This has the backing of some Labour backbenchers, as well as the SNP’s Philippa Whitford, Lib Dem Tom Brake, Plaid Cymru’s Jonathan Edwards and Caroline Lucas, of the Greens.

Labour MP Stella Creasy’s amendment

Requires the government to ask the EU to postpone Brexit day for an unspecified period and give the public more say in the Brexit process through a 250-member “Citizens’ Assembly”.

This would:

  • comprise a “representative sample of the population” to make recommendations on the Brexit process after 10 weeks of consideration
  • be supported by an “expert advisory group”
  • require the government to respond within two weeks

Labour MP Hilary Benn’s amendment

Calls on the government to hold a series of “indicative votes”, allowing MPs to signal whether they might support the following options:

  • To vote again on Theresa May’s deal in its current form, which sets out the terms of the UK’s withdrawal – including a “transition period” aimed at minimising disruption – and outlines future relations with the EU
  • To leave with a “no-deal” exit, without any such agreements and no transition period
  • To request the government tries to renegotiate the deal by seeking to either change the Irish “backstop” arrangement, pursue a “Canada-style” deal or aim to join the EEA and remain in the EU’s customs union
  • Hold a referendum to allow British people to decide on the kind of Brexit deal they want

Labour MP Rachel Reeves’ amendment

Requires the government to ask the EU to postpone Brexit day (without specifying for how long).

Dame Caroline Spelman (Conservative) and Jack Dromey (Labour) amendment

Attempts to prevent a “No-Deal” Brexit by adding to the PM’s motion that Parliament “rejects the United Kingdom leaving the European Union without a Withdrawal Agreement and a Framework for the Future Relationship“.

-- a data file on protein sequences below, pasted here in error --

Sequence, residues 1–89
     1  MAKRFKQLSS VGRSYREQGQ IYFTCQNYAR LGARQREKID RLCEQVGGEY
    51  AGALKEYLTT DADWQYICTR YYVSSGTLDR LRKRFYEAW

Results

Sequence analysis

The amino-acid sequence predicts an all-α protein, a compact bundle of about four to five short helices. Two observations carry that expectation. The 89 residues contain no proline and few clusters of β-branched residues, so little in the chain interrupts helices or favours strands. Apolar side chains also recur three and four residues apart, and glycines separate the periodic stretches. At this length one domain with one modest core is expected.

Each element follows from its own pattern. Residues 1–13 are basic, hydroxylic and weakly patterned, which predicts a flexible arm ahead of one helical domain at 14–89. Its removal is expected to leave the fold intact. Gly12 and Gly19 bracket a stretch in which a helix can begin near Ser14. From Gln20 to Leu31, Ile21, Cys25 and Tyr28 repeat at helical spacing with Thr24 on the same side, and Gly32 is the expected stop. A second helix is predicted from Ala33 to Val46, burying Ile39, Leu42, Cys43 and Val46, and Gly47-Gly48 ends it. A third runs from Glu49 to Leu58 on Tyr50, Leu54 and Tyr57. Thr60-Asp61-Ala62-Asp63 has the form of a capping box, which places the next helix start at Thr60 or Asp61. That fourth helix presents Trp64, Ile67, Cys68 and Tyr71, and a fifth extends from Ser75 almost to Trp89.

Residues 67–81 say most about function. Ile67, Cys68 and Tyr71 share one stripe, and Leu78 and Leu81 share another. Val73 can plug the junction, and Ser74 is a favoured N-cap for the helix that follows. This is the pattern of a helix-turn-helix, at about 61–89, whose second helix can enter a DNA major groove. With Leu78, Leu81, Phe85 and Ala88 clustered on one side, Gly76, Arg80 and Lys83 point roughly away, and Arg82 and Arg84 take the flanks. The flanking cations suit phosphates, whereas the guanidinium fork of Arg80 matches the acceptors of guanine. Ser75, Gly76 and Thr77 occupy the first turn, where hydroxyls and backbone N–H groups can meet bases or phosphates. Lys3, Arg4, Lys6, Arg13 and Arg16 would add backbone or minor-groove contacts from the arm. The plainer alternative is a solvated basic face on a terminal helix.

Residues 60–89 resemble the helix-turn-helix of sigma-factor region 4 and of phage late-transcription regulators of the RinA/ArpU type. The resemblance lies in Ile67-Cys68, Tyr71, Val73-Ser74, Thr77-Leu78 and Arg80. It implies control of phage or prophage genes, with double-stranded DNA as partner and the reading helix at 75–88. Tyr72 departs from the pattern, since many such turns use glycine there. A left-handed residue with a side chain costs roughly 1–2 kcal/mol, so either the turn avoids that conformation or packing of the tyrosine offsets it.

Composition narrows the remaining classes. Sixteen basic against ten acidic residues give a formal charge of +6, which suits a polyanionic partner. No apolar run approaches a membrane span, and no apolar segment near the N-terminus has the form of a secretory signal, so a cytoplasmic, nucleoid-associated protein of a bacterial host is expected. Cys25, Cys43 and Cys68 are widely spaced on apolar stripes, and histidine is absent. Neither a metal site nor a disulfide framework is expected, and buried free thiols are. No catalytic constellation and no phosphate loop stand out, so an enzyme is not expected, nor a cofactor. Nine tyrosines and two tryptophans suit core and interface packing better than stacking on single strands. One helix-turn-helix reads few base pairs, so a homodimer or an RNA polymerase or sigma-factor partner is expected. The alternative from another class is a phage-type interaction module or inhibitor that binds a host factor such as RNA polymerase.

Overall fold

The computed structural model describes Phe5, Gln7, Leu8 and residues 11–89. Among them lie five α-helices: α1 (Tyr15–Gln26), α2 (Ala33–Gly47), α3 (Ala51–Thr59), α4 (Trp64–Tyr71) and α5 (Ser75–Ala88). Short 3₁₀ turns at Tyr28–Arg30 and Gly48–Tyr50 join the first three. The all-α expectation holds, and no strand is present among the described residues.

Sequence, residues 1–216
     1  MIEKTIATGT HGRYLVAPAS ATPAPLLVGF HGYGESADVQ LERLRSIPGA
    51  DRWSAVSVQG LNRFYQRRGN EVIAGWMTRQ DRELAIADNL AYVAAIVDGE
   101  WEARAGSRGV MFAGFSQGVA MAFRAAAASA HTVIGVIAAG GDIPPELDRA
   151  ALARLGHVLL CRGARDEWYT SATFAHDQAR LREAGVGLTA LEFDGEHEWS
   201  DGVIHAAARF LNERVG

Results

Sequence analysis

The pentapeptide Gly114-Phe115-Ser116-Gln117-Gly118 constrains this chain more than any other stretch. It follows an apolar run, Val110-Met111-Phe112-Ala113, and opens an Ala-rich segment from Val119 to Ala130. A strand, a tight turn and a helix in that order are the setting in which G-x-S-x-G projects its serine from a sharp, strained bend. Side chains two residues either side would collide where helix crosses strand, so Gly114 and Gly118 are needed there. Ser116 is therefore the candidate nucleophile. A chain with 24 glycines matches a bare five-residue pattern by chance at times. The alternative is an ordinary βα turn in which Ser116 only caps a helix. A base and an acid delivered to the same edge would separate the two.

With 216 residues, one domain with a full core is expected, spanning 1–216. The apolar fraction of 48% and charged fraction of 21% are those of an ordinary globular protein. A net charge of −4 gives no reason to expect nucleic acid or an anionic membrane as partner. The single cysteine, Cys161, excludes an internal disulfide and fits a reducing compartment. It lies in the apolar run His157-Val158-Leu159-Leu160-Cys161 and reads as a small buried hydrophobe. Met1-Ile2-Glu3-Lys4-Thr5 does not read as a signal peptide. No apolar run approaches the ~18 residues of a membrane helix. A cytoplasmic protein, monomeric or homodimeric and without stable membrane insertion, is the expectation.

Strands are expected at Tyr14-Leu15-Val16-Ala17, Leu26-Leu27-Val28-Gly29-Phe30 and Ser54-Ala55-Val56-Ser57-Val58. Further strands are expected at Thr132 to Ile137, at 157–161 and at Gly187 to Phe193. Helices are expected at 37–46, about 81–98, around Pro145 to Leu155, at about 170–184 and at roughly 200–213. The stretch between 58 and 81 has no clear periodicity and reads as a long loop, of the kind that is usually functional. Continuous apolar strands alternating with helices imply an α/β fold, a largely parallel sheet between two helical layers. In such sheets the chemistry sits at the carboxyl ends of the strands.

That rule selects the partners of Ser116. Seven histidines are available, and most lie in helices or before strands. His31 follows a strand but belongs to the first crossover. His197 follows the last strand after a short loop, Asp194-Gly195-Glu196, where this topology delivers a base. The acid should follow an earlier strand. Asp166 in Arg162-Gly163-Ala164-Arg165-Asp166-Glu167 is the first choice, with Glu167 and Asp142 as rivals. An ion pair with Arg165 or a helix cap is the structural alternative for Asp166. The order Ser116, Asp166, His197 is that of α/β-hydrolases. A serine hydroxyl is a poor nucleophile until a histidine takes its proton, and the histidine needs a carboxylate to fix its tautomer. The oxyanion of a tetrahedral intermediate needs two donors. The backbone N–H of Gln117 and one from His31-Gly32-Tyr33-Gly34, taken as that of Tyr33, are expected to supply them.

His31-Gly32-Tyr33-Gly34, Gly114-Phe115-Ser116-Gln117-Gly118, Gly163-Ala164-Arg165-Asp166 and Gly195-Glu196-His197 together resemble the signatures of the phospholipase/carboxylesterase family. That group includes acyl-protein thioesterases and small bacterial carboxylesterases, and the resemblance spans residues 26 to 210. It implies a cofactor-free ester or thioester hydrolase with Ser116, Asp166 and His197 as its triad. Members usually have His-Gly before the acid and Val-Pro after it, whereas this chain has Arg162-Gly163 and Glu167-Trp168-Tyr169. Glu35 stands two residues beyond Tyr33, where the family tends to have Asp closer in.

Conservative MP Andrew Murrison’s amendments

Mr Murrison’s alternative aims to win round moderate opponents of the backstop arrangement to avoid the return of customs checks at the Irish border. It adds to the PM’s motion that Parliament “insists on an expiry date to the backstop”. This option, which could win over Northern Ireland’s 10 Democratic Unionists, was opposed by the Irish government. Irish Foreign Minister Simon Coveney said the EU would never agree to it.

Conservative MP Graham Brady’s amendment

Calls for Parliament to require the backstop to be replaced with “alternative arrangements to avoid a hard border” but would otherwise support the prime minister’s deal.

Conservative MP John Baron’s three amendments

Each of Mr Baron’s amendments takes a different approach to trying to avoid the possibility of the UK becoming tied to EU customs rules in the long term.

  1. Seeks to avoid any arrangement at the Irish border that would tie any part of the UK to EU customs rules until a formal trade deal was in place. It adds to the PM’s motion that Parliament “will not approve a Withdrawal Agreement which includes a Northern Ireland backstop“.
  2. Aims to limit any backstop agreed as part of a withdrawal deal to six months
  3. Calls for the UK to have the right to exit any such backstop without the EU’s agreement

Liberal Democrat MP Tom Brake’s amendment

Creates a cross-party committee to take charge of the Brexit process.

It would have power to decide when parliamentary time should be made available for Brexit debates and legislation, including on a fresh referendum with Remain on the ballot paper, to appoint special advisers, and to travel within the UK and to Brussels.

What happens if they succeed?

None of these amendments, if successful, would be binding on the government, although support for any of them would put political pressure on Theresa May to follow their direction.

However, if Yvette Cooper’s amendment was successful, and she then managed to get MPs to approve her bill, it would become law and so place an obligation on the government.